My Childhood Soundtrack

What a legend. What an absolute legend.

Just two weeks ago, Barry Gibb (sadly the only surviving Gibb brother), at the age of 70, rocked it out on the Pyramid Stage at Glastonbury 2017. He still has the magic touch. What a song. What a voice. What a falsetto.

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I grew up listening to the Bee Gees. Or more accurately, I grew up watching them—specifically, their One Night Only concert in Las Vegas in 1997. Papa, being a fan, had bought the DVD. I first watched it at the age of 9… and subsequently watched it every night after. It was catchy, groovy, mesmerising. The three-part harmonies were lush. But what was most significant was the fact that it was Barry Gibb who provided me with my first exposure to falsetto.

‘Do you know what that high-pitched voice is?’ papa asked. I shook my head. ‘It’s called falsetto,’ he explained, before doing his own strained impression/rendition of Barry’s dynamic falsetto in ‘You Should Be Dancing’—which was mighty embarrassing. Yet, an important musical lesson nonetheless.

The first album I listened to wasn’t the Bee Gees, however. That accolade goes to Sir Cliff Richard, aka mama’s heart-throb. Almost every morning I would wake up to The Whole Story: His Greatest Hits playing in the living room and mama singing along while she vacuumed the house.

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It’s only now that I look back and snigger at 9-year-old me unabashedly belting out cheesy lyrics without thinking about a word I was singing. The first song on that album was ‘Move It’ which starts like this:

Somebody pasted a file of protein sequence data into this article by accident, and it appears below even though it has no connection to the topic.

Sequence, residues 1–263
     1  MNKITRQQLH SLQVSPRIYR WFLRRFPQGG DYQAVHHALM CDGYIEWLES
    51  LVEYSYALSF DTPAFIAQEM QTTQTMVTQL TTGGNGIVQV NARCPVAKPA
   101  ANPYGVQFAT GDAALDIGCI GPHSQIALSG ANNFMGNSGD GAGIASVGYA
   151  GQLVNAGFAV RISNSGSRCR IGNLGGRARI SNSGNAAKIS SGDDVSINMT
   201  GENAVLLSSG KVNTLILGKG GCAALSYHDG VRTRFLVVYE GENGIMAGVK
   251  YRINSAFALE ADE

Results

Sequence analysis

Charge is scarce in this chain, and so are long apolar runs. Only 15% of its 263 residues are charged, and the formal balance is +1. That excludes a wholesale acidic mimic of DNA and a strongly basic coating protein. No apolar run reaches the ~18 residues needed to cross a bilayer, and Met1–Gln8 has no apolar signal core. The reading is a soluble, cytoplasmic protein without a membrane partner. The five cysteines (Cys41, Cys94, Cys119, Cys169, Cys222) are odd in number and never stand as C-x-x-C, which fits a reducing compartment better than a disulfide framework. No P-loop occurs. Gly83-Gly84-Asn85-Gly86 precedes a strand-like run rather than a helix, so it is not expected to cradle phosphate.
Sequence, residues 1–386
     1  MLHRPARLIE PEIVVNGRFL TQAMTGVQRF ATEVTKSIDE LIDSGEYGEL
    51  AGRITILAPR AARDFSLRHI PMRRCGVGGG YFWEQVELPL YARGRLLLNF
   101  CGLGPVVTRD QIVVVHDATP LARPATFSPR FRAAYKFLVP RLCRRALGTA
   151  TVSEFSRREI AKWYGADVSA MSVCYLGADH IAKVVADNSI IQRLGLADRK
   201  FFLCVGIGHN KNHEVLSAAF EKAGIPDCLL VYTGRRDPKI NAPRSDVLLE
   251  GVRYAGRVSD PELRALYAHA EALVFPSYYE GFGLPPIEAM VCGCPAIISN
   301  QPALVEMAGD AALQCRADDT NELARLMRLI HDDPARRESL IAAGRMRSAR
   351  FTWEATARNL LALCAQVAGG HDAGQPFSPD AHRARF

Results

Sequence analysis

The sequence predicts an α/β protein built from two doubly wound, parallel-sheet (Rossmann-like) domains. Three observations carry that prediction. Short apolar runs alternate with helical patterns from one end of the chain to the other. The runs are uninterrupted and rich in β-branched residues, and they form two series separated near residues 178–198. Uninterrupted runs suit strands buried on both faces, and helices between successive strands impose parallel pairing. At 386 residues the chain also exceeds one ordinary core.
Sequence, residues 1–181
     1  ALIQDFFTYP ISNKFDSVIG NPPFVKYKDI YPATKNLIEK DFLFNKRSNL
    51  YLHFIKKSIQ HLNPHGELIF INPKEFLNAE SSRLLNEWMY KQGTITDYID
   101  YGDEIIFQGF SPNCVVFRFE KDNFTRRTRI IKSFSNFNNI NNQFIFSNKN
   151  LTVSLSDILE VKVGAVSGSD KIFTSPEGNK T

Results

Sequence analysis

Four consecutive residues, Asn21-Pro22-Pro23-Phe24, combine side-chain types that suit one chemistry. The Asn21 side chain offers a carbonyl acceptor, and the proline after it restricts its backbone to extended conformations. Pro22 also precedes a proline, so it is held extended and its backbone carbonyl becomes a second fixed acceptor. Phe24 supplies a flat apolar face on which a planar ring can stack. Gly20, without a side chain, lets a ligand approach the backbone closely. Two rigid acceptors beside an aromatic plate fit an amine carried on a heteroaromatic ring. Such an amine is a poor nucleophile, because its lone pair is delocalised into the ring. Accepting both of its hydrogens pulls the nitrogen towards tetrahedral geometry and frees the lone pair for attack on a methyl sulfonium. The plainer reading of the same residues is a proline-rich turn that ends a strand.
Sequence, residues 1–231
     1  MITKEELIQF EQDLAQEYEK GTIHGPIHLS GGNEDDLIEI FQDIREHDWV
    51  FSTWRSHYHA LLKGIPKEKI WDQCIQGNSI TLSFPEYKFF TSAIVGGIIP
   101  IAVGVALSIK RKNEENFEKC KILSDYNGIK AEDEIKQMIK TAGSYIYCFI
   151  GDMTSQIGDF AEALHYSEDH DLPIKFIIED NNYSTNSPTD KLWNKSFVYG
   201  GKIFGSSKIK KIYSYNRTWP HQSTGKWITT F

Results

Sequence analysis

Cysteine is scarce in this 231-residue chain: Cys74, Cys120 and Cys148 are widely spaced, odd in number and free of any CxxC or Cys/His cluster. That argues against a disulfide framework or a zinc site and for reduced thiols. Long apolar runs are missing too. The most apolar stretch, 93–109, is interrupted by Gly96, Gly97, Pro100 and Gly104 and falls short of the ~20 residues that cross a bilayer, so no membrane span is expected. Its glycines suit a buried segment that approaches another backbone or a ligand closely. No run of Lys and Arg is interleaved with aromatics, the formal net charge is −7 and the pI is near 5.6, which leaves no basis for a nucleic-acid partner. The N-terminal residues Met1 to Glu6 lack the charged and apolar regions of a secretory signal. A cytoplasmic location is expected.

C’mon pretty baby let’s a move it and a-groove it
Well shake oh baby, shake oh honey, please don’t lose it

My romantic side that causes girls to swoon? Oh, I owe it all to Cliff. (Hah.)

Simon & Garfunkel taught me how to harmonise. The Concert in Central Park was the album we owned, and rather than listen to the whole thing, I would often play the opening two tracks, ‘Mrs. Robinson’ and ‘Homeward Bound’, on repeat because I loved them so much.

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And finally, the Carpenters. I’m a bit frustrated that I can’t clearly remember which album we owned. Again, another album which I didn’t listen to fully, but knew ‘Top of the World’ inside out.

Let me end with an anecdote that testifies to music’s transcending capability. I was in 4th grade and a new kid, Shun S., had joined the class. One day during recess I walked past the auditorium (on the playground side) humming ‘Top of the World’. I bumped into Shun who immediately and excitedly blurted, ‘That’s the Carpenters, isn’t it!’ And that was the start of a friendship, a very musical friendship, that would last for the next 8 years.

Funny how a 1972 American song caused a Singaporean and a Japanese, born in the 90s, to bond. Voilà! The power of music.

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